Friday, September 24, 2010
Swimming in a Blue Ocean
The book, Blue Ocean Strategy, is an interesting read, since the authors use some fascinating examples to illustrate their concept. The information and the strategy they present are based on fifteen years of research. One of their examples is Cirque du Soleil, which started out in 1984 as a group of street performers. They created a new market, catering to adults, rather than children (the typical market for circuses). This group achieved revenues in only 20 years what it took Ringling Bros. and Barnum & Bailey more than 100 years to attain. The remarkable aspect of this example is that it took place in an industry that was in serious decline. This latter feature is a repeating theme throughout the book: a company succeeds dramatically despite being in an unpopular or failing industry. This point is relevant to us as scientists who have invested a great deal in our training in a particular field--changing fields is often out of the question. However, changing how we approach our work in that field is possible.
An individual can apply the blue ocean strategy to their own career. In a red ocean, your boundaries and rules of the game are known and accepted by everyone in science. In this red ocean, each scientist tries to outperform rivals to get a share of the market (funding, space in journals, etc.). As more people crowd into your specific field, your prospects of getting funding or published in top journals decline, and you have to work harder just to stay even. Weaker competitors become desperate and resort to unscrupulous behavior (stealing ideas, fabricating data, sabotaging colleagues).
In the previous post, I talked about copycat scientists. What they are doing is the exact opposite of the blue ocean strategy. Instead of carving out a niche for themselves, they are going head-to-head with someone in their own workplace who is already established. It's an uphill battle. Worse, they are duplicating work and approaches that are being used by their rival instead of developing their own. A really poor strategy all around--but the copycats never seem to recognize this.
In a blue ocean, the competition is irrelevant because you've gone outside the typical boundaries of your profession and created demand for what you have to offer (that no one else is offering). At one time, automobiles, aviation, computers, and cell phones did not exist--in fact, had never been heard of. These are now multi-billion dollar industries. Although they exist today in a red ocean, they operated in a blue ocean in the beginning, and the innovators who took the initial risks reaped the benefits. The risks involved in pursuing a blue ocean strategy can be large (although there are ways to minimize risk), and the outcome is not always clear. Can you predict what products or companies will be the big winners twenty years from now? So, embarking on a blue ocean strategy is not for the faint-hearted.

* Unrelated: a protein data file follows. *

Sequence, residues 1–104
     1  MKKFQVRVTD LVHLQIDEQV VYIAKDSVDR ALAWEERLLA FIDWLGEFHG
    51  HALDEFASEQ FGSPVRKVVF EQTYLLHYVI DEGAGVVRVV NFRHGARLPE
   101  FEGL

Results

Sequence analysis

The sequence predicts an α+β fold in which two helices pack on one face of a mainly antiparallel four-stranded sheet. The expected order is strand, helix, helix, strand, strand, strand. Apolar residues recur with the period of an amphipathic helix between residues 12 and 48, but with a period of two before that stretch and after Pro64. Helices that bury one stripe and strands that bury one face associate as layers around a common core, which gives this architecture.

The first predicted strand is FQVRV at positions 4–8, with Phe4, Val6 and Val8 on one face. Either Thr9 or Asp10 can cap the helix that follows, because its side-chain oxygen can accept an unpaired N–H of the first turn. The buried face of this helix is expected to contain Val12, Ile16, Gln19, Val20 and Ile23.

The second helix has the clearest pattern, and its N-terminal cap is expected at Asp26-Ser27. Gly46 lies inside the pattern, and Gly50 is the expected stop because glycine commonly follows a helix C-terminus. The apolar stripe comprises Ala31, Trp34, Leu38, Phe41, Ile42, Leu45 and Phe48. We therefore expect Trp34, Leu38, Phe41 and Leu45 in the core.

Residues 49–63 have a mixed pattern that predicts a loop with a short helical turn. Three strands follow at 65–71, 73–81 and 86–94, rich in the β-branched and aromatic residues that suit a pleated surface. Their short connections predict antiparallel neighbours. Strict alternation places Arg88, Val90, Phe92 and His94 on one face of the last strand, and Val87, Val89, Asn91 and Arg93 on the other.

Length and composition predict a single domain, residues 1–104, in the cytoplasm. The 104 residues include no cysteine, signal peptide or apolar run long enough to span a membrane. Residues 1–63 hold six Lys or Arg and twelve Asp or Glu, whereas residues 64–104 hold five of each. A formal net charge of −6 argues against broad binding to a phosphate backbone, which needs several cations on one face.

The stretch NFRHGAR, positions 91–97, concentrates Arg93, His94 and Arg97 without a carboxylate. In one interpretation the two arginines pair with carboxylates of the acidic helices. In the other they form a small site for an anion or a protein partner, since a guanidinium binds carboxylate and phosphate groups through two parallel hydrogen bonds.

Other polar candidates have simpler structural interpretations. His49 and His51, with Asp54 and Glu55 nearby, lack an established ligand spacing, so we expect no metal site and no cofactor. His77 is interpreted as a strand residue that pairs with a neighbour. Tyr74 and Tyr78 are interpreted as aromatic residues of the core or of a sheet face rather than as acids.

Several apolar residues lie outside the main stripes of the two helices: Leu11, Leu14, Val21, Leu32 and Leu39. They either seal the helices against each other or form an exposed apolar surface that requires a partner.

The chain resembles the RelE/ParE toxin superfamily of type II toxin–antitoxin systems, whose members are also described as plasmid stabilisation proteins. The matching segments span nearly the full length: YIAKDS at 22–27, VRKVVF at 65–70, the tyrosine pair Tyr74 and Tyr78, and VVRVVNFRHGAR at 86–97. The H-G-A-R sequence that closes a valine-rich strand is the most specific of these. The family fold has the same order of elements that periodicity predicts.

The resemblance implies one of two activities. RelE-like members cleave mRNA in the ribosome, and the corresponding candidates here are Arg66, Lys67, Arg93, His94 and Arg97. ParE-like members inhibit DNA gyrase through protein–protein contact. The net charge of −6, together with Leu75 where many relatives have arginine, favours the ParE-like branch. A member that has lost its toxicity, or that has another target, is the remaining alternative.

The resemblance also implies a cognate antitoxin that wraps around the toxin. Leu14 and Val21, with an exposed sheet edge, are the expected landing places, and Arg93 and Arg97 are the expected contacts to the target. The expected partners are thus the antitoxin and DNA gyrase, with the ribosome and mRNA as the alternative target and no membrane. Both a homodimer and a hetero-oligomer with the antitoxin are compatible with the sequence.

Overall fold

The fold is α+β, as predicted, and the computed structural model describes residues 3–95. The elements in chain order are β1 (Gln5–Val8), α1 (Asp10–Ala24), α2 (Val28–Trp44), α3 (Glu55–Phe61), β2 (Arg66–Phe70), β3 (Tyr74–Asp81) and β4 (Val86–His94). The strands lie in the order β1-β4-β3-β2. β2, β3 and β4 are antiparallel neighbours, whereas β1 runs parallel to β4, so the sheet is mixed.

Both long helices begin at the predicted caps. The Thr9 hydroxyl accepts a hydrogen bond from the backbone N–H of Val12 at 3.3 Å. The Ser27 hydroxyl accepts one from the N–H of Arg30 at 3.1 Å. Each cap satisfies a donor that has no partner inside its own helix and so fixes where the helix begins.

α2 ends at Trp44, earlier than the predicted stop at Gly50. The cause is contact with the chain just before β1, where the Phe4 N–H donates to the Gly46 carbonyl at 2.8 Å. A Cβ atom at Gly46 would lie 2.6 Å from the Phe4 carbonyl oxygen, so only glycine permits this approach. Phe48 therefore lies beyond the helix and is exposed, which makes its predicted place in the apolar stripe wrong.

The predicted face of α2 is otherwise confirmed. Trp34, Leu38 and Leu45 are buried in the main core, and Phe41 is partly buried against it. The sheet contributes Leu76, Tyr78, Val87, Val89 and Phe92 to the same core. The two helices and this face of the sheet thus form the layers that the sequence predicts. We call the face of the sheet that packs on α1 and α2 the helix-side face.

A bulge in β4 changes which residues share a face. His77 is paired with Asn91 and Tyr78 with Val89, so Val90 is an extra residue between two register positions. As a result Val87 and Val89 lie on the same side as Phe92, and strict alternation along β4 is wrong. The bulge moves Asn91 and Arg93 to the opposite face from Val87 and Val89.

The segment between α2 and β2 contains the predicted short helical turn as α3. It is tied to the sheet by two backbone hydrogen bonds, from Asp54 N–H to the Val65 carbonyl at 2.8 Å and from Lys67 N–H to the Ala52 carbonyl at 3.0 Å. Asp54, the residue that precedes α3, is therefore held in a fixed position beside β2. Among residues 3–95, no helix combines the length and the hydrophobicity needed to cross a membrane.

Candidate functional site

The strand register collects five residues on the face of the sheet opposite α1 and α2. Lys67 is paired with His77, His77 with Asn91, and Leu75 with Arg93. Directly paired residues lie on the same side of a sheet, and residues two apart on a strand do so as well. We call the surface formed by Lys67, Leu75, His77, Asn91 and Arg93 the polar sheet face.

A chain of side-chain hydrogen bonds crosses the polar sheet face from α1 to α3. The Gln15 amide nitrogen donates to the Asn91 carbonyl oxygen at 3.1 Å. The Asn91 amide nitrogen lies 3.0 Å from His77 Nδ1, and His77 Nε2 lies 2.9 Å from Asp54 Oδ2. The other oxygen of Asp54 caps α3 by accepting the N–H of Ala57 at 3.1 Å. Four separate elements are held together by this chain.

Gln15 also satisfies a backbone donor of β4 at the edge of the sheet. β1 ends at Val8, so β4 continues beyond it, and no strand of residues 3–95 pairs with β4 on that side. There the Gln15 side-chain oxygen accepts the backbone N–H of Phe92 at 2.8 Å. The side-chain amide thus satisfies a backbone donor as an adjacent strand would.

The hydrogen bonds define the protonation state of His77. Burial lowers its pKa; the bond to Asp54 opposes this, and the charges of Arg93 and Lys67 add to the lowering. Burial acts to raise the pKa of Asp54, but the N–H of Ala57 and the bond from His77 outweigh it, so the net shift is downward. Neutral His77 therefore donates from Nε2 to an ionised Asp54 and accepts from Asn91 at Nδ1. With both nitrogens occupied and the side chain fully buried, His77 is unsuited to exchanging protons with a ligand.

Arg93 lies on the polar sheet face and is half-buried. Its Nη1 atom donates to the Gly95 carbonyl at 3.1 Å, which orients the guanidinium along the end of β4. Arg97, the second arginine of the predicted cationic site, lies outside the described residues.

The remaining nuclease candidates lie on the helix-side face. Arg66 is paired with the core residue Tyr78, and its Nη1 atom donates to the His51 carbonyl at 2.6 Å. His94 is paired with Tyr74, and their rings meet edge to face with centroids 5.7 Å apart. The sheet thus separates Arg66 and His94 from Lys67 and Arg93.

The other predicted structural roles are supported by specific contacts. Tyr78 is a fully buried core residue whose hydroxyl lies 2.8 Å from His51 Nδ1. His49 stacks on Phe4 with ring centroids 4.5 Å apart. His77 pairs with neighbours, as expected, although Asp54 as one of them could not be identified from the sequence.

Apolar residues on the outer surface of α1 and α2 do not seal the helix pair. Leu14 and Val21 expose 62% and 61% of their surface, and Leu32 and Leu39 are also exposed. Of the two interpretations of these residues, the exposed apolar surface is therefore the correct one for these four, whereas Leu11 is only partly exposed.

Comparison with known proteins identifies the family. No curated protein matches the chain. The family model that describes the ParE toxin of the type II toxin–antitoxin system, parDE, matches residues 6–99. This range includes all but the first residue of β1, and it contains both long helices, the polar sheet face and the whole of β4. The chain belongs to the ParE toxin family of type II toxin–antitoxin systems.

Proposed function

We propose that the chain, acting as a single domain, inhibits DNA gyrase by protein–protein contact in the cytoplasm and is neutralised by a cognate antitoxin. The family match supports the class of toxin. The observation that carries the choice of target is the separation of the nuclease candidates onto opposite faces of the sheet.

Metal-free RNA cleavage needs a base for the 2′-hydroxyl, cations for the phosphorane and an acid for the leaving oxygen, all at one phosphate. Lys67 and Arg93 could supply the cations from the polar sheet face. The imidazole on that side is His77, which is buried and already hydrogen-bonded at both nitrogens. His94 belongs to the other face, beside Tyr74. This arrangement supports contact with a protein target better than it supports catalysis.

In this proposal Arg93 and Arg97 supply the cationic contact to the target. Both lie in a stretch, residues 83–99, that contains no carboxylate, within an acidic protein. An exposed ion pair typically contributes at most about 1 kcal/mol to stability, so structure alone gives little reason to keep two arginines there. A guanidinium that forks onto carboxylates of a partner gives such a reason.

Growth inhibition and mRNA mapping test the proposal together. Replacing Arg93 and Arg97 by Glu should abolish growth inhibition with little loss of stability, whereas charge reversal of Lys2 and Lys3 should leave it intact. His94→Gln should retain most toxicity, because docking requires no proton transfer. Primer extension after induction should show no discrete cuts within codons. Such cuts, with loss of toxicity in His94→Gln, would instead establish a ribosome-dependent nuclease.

How does one apply the blue ocean strategy to a science career? I imagine you are already thinking of some examples for your particular situation. I may elaborate in later posts.
But for now, the concept applies to the theme of this series--self-promotion. Scientists are competing for the most part within a strict set of boundaries. Most scientists rely on their publication records, their citation rates, their teaching evaluations, etc. to speak for them and their success. If you take a more active role in developing your reputation, you will be stepping outside the normal boundaries of the red ocean. I'll give you an example.
Most of us (scientists) are expected to engage in professional service activities such as reviewing, editing, serving as officers in professional societies. Many of us are evaluated based on service (in addition to science & teaching), but service often gets short-shrift. I realized that this was one area that I could develop beyond the normal things scientists do--and stand out from the crowd. There were a number of options, but I decided to focus on science communication. One of the skills I've developed in this regard is making videos that describe aspects of my research and that of collaborators. I've gotten some of these published online as audio-visual products of my agency. The reactions I've gotten from the general public (and from colleagues) tell me that these videos are not only providing a service but are getting me noticed in a new way. I'm now learning animation techniques so that I can better illustrate scientific concepts. I'm finding this activity fun, challenging, and fulfilling. It's allowed me to combine my artistic abilities with my science training to come up with a blue ocean strategy. You may have some particular skill or natural talent that can be tapped in a similar way.
The above is just one example of how you can self-promote while fulfilling professional goals. It also works as a blue ocean strategy because it replaces the typical service activity with something few other scientists do. Service is expected by many science employers, but doesn't seem to get much emphasis during evaluations (unless you don't do it). If you participate only in the typical service activities, no one is much impressed. However, if you do something really unique, it can bring you recognition. Don't think you have time to do something other than the usual? Instead of spending two hours per week anonymously reviewing papers or sitting on yet another committee, why not invest one of those hours doing something unique that meets your service duties and makes you stand out among your peers?
If you develop a good blue ocean strategy and apply it consistently, you will likely enjoy swimming a lot more.
Photograph by Paolo Curto